Article 19(1)(g) or Article 301 do not, within their scope, include the activities which are criminal or permit inclusion of all such dealings as are legally categorized as ‘res extra commercium’ (a thing outside commerce).

The history of amendments relating to this Article also elucidates its reach and scope, while unfolding the objects of each clause of this Article.

Clauses (2) and   (6) of Article 19 were amended by Constitution First Amendment Act 1951. The following amendments were brought into effect on 18.06. 1951 retrospectively;

  1. Addition of new grounds of restrictions upon freedom of speech : friendly relations with foreign states , public order ,incitement to an offence
  2. The erstwhile ground : ‘tends to overthrow the State’ was deleted
  • Words ‘libel’ and ‘slander’ were replaced by the word ‘defamation’
  1. The expression restriction was inserted to qualify all the grounds

Another amendment in clause (6) of Article 19 freedom of trade, profession was effected and the freedom of trade, profession etc. were qualified by  new grounds of restrictions viz. carrying out trade, business industry or service by the State or by a corporation owned or controlled by the State. Thus a citizen cannot claim as a matter of right that such action of the State ousts him from his business etc.

Thereafter through Sixteenth Amendment ( 06.10.1963 ) and Forty Fourth Amendment (30.04.1979  ) , this article was again amended as follows ;

Through 16th Amendment clauses (2) (3) (4) of Article 19 were amended and the ground of maintenance of the sovereignty and integrity of India was included as a ground upon freedom of expression, assembly and association, guaranteed by sub clauses (a) to  (c) of clause (1) of this Article.

Forty Fourth Amendment Act 1978 led to omission of sub clause (f) of clause 1 of this Article. Thus the right to property was excluded from the list of fundamental rights.

In  Malerkotla v Mohammad Mushtaq AIR 1960 Punjab 18 the court relied upon the Maxim: “it is an everlasting law, that no positive and human law shall be perpetual and a clause which excludes abrogation is not good from its commencement.”

The facts of the said case pertained to challenge of an action of Punjab Municipal committee under section 152 of the Punjab Municipal Act, 1911. The petitioner had converted his house into a brothel and there were multiple complaints against him. A number of persons picked from that house and were prosecuted for carrying out prostitution and other such activities. The municipality of Malerkotla, exercising powers under section 152, evicted them from the premises without providing any alternative accommodation to them. High Court of Punjab, considering the challenge on the anvil of Article 19, reversed the decision of the Sessions Court while holding that Municipal Committee was competent to prohibit the practice of prostitution or keeping of a brothel. The High Court further held that Municipal Committee was under no obligation to provide alternate accommodation.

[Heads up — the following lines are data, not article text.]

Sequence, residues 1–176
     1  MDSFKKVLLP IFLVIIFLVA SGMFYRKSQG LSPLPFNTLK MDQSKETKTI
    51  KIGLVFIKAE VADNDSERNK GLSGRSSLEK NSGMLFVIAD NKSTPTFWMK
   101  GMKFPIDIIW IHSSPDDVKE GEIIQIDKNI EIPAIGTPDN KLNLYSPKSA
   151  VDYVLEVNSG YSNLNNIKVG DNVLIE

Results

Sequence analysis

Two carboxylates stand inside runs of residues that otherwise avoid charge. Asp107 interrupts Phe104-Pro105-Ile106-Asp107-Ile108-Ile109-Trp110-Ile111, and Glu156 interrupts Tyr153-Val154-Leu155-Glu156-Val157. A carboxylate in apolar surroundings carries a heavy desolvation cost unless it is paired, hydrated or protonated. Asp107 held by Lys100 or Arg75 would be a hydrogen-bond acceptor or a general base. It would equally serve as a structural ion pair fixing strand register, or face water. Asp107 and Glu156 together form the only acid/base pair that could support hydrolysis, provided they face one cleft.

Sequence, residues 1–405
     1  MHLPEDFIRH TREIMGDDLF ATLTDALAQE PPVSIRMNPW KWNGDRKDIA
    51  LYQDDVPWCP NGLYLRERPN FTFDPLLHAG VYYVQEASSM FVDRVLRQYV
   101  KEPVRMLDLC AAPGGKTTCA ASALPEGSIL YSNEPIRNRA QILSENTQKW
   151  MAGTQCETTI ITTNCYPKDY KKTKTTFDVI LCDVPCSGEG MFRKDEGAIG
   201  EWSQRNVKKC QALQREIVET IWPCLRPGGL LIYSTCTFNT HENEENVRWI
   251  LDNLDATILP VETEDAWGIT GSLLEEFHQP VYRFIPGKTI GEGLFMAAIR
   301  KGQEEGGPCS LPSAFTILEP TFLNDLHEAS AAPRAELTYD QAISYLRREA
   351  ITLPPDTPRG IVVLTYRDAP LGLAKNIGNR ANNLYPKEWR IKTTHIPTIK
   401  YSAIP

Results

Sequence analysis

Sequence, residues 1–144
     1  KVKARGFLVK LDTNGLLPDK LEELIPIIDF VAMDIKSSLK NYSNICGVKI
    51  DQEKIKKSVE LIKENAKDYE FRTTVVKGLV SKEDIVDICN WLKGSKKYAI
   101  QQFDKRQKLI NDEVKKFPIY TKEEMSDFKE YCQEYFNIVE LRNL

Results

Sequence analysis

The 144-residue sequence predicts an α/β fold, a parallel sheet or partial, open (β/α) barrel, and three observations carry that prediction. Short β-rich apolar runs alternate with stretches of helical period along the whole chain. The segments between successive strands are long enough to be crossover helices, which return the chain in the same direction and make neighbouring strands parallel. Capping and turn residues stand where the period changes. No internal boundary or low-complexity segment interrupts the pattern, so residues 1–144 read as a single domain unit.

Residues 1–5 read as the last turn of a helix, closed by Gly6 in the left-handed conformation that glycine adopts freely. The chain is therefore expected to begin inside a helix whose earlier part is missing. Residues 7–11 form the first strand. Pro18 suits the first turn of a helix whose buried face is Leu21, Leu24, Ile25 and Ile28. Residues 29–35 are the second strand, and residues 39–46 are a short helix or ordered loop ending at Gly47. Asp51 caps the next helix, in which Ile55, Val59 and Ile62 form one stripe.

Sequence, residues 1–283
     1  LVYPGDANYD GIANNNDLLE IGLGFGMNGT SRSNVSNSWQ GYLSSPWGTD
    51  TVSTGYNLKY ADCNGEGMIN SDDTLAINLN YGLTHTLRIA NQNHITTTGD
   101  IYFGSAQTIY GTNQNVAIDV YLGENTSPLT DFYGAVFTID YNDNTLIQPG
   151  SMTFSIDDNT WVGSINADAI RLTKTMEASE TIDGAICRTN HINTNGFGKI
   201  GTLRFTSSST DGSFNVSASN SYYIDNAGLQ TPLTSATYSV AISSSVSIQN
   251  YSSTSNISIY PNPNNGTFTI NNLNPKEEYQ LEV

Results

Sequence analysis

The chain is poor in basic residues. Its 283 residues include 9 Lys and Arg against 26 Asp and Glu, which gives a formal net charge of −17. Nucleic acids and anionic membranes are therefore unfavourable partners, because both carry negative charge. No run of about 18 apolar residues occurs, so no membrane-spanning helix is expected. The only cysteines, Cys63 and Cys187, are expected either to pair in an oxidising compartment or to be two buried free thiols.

Another general question is : Whether a corporation is a citizen for the purpose of exercise of rights under Article 19?

In State trading Corporation of India Limited v. CTO,(1963 AIR SC 1811) a nine judge bench with majority of 7:2 held that corporation is not a citizen; therefore, it could not invoke Article 19. In the said case, the question of lifting the corporate veil was not raised before the bench. Thus the decision continues to hold the field for a long spread of time. However, in RC Cooper Vs. union of India AIR 1970 SC 564 (bank nationalization case), Hon’ble Supreme Court decided the rights of 14 nationalized banks under Article 19(1)(f), on the petition of one shareholder, who claimed to be Director of Central Bank of India Limited. But the decision in State Trading Corporation case was not thereby changed. Thus the corporation remains deprived of its recognition as a citizen for the purposes of Article 19.

Dwelling upon the expression ‘clear and present danger’ the following view of Lord Sumner (in Rowman v Secular Society)  is relevant ;

“The words, as well as the acts, which tend to endanger society differ from time to time in proportion as society is stable or insecure in fact, or is believed by its reasonable members to be open to assault. In the presented by meetings or possessions are held lawful which a hundred and fifty years ago would have been deemed seditious, and this is not because the law is weaker or has changed, but because, the times having changed, society is stronger than before. In the present day reasonable men do not apprehend the dissolution or downfall of society because religion is publicly assailed by methods not scandalous. Whether it is possible that in the future irreligious attacks, designed to undermine fundamental institutions of our society, may come to be criminal in themselves, as constituting a public danger, is a matter that does not arise. The fact that opinion grounded on experience has moved one way does not in law preclude the possibility of its moving on fresh experiences in the other; nor does it bind succeeding generations, when conditions have again changed. After all, the question whether a given opinion is a danger to the society is a question of times and is a question of fact. I desire to say nothing that would limit the right of society to protect itself by process of law from the dangers of the movement, whatever that right may be, but only to say that, experience having proved dangers once thought real to be now negligible, and dangers once very possibly imminent to have now passed away, there is nothing in the general rules as to blasphemy and irreligion… which prevents us from varying their application to the particular circumstances of our time in accordance with that experience. And judgments of the Indian Courts show that the approach indicated by the Lord Sumner is best adapted for determining the reasonableness of restrictions.”